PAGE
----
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Varcoe: Calgary company rides cannabis roller-coaster as sector endures brutal reckoning – Calgary Herald

The company formerly known as Sundial Growers has emerged as Canada’s largest private sector cannabis retailer
Cannabis producer and expanding retailer.

Canada’s largest private-sector liquor store operator.
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Meme stock.

There are plenty of labels placed on SNDL Inc., the Calgary-based firm formerly known as Sundial Growers until it changed its name last month.

But such simple descriptions don’t capture an entire company and the wild journey it’s been on — along with the Canadian cannabis sector — since pot sales were legalized almost four years ago, nor the transformation now rippling across the industry.

“They have had a really fascinating (time) from being one of Canada’s emerging licensed producers to being caught up in the meme-stock phenomenon … and seeing incredible success managing that moment in time,” said consultant Nathan Mison, co-chair of the Canadian Chamber of Commerce’s national cannabis working group.

“Sundial is a microcosm of the roller-coaster: the downs, the unique ups, the transition that is coming.”

Earlier this week, SNDL announced its latest in a series of deals, acquiring Kelowna-based cannabis extraction and distribution firm Valens Co. in a transaction valued at $138 million.

The combined company will have 550,000 square feet of cultivation and manufacturing space in the country, along with SNDL’s existing chain of retail cannabis shops and network of liquor stores.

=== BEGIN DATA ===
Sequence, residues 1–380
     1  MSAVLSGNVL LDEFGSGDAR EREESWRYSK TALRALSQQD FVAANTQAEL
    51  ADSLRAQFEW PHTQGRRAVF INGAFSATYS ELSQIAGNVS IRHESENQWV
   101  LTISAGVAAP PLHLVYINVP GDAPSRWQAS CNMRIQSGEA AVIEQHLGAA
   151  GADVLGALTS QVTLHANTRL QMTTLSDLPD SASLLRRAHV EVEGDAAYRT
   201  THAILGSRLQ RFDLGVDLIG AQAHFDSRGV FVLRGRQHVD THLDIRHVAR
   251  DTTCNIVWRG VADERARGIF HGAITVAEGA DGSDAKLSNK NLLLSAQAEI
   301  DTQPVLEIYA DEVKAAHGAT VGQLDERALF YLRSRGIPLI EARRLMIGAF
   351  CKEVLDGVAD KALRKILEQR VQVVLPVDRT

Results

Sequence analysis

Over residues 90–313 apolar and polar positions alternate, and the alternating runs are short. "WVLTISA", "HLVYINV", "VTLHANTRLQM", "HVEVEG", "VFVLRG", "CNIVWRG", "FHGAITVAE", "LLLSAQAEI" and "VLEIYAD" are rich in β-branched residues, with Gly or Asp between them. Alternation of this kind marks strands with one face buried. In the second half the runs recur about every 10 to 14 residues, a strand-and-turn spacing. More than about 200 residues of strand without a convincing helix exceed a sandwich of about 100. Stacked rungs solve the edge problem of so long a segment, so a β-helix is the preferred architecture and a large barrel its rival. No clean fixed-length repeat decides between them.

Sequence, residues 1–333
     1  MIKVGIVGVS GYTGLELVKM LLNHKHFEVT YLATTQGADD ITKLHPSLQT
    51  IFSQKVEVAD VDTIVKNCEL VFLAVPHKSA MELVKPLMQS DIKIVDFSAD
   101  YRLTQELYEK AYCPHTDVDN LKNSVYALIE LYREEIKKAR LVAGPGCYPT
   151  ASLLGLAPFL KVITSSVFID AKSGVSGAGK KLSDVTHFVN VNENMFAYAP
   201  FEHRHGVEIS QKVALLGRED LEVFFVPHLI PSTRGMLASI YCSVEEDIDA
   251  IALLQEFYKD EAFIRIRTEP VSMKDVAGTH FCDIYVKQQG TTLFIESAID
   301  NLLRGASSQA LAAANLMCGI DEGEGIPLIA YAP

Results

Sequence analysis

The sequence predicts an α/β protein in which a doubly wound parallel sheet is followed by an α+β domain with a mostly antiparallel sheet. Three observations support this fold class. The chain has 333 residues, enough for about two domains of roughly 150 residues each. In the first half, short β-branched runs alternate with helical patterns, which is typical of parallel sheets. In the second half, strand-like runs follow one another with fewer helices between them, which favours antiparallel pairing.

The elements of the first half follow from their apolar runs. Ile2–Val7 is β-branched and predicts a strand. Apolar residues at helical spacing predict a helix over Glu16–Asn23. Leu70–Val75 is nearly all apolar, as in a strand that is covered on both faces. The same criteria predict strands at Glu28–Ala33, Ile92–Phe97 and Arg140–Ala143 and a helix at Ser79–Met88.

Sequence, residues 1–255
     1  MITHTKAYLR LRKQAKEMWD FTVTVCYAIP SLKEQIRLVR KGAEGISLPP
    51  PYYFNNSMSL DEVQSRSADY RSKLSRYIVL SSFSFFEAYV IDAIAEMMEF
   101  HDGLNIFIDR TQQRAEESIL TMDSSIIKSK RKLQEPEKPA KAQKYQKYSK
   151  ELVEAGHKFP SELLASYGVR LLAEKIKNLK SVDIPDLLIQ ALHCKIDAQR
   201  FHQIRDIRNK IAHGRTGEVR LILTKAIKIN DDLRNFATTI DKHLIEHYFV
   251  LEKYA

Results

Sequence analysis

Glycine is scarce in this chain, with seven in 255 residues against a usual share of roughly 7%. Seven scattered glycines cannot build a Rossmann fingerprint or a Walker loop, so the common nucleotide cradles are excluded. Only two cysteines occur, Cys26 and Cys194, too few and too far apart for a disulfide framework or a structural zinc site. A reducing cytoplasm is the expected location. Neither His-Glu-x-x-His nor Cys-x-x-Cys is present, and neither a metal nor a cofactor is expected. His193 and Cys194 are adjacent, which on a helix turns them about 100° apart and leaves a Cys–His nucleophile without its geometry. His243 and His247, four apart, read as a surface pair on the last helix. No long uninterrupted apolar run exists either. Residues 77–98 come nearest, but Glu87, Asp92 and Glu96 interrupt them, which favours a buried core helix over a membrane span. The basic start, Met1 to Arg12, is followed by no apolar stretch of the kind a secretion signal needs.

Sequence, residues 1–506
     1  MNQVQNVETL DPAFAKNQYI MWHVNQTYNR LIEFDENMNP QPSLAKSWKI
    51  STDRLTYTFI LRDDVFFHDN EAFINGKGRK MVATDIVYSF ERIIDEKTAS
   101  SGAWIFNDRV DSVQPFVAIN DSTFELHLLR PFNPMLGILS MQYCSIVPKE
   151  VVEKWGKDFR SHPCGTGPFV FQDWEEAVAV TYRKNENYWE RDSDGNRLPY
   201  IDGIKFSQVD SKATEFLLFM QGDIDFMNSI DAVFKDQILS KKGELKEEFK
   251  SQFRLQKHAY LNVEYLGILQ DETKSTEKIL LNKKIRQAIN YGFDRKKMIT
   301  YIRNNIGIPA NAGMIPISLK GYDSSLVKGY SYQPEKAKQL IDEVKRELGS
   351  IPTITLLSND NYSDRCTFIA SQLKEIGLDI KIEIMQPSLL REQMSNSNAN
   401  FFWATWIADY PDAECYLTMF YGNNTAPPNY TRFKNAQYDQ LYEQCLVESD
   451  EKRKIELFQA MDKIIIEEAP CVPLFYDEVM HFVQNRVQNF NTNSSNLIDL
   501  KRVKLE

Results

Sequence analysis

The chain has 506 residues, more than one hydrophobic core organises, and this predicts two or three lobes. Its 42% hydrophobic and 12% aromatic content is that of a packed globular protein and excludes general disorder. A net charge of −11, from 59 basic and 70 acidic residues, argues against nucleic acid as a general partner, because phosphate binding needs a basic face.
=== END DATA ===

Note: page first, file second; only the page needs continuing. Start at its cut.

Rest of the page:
SNDL chief executive Zach George noted the company is moving ahead with its vertical integration strategy, operating cannabis production facilities and an expanding retail footprint.

In May 2021, Sundial announced the acquisition of Inner Spirit Holdings — and its Spiritleaf retail network — for about $131 million.

Last October, it unveiled the purchase of Edmonton-based liquor and cannabis retailer Alcanna Inc. for $320 million. The deal included Alcanna’s majority-owned subsidiary, Nova Cannabis Inc., and its fleet of Value Buds stores.

Today, SNDL is the country’s biggest private liquor retailer, with 170 stores in British Columbia and Alberta, and a 17.6 per cent market share in the province. It operates stores under the Wine and Beyond, Liquor Depot and Ace Liquor banners.

It is also Canada’s largest private sector cannabis retailer with 185 locations from B.C. to Ontario. In total, SNDL has more than 2,500 employees, including 270 workers at its Calgary headquarters and at Alcanna’s office in Edmonton.